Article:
Working to improve international agreements to protect bluefin tuna and to take effective action in work for global tuna conservation.
Ranging far and wide across the oceans, tuna are found throughout the world, generally in tropical and temperate waters. Not only are these fish commercially important—they are also critical to the well-being of our oceans and the millions of people who depend on the greater marine ecosystem for food and economic stability.
Unfortunately, many populations are in decline —making the need for sustainable global tuna fisheries clearer than ever before.
The huge demand for tuna—as a popular ingredient in sushi and tuna steaks, and as mass produced, affordable canned fish across much of Europe, Asia, and the United States—has resulted in overfishing and mismanagement of many tuna species. Destructive fishing practices endanger not only the health of fish stocks, but also the livelihoods of approximately 450 million people—and the food security of some three billion people.
Pew is working to improve the international management of tuna species by
- promoting science-based catch limits that do not allow overfishing;
- minimizing the impacts of destructive fishing gears;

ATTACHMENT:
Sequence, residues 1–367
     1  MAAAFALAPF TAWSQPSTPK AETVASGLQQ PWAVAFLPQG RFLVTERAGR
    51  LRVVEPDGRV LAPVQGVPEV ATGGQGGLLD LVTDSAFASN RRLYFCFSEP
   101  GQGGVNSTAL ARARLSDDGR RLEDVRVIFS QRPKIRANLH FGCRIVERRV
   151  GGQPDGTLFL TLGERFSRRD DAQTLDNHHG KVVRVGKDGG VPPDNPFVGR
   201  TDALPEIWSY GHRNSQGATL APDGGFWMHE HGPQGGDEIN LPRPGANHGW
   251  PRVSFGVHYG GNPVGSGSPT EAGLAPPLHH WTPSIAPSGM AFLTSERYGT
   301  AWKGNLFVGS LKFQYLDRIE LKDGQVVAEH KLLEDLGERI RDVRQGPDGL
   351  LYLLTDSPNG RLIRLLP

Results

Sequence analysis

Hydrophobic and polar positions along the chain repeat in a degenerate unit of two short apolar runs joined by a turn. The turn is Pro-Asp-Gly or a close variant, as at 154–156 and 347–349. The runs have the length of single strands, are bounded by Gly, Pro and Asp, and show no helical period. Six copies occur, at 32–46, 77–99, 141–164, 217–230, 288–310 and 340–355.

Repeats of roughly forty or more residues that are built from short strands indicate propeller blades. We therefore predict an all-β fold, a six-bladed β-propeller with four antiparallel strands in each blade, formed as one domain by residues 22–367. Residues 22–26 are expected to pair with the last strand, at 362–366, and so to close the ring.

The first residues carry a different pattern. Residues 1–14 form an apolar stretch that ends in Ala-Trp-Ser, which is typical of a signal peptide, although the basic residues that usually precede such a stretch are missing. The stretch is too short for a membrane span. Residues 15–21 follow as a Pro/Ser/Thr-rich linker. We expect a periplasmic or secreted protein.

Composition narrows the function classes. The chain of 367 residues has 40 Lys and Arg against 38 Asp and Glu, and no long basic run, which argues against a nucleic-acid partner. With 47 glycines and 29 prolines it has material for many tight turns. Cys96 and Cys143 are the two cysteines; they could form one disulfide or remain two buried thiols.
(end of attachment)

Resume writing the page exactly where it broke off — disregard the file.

- eliminating illegal, unreported, and unregulated (IUU) fishing;
- increasing the transparency and accountability of tuna regional fisheries management organizations.
Read more about Pew's Pacific tuna work.
Read more about Pew's bluefin tuna work in the Gulf of Mexico.
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It would be impossible to sustainably manage the world’s largest tuna fishing grounds without international cooperation. Read More
The WCPFC will hold its 12th Regular Session from Dec. 3 to 8 in Bali, Indonesia, and Pew has identified 11 ways that members can improve management of tuna fisheries in the western and central Pacific Ocean. Read More
The Western and Central Pacific Fisheries Commission (WCPFC) has a mandate to manage all highly migratory fish stocks, including tuna and sharks, in the western and central Pacific Ocean. Despite strong scientific and management advice to the Commission, the conservation and management measures (CMMs) now in place are inadequate to end or prevent overfishing of some stocks. For example, two of... Read More